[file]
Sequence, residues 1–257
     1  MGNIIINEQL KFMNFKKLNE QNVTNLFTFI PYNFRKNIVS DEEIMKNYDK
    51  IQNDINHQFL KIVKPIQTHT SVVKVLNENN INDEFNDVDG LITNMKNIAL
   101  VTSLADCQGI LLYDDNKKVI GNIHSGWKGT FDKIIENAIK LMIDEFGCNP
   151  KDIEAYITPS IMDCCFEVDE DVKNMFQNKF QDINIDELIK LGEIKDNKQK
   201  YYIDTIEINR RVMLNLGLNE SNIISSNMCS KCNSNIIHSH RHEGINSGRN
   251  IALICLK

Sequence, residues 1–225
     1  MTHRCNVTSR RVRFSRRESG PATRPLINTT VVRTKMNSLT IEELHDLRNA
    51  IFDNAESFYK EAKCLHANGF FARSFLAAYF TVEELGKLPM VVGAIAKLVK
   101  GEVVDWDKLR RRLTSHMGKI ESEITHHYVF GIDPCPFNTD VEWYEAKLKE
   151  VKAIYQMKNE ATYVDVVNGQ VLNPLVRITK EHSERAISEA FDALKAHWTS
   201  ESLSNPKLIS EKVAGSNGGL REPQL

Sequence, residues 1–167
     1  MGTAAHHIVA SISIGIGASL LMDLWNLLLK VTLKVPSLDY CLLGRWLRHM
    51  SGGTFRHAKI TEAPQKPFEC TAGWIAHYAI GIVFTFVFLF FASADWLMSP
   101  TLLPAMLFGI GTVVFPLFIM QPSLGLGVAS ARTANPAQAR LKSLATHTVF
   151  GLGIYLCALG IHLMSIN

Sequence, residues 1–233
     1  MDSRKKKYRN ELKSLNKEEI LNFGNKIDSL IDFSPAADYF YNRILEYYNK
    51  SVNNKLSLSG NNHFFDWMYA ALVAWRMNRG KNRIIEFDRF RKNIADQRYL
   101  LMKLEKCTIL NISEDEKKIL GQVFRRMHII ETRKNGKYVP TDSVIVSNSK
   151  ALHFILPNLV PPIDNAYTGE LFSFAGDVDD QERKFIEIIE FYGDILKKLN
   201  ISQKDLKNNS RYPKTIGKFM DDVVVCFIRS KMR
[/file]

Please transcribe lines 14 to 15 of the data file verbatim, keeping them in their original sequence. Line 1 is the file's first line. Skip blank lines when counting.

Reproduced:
Sequence, residues 1–167
     1  MGTAAHHIVA SISIGIGASL LMDLWNLLLK VTLKVPSLDY CLLGRWLRHM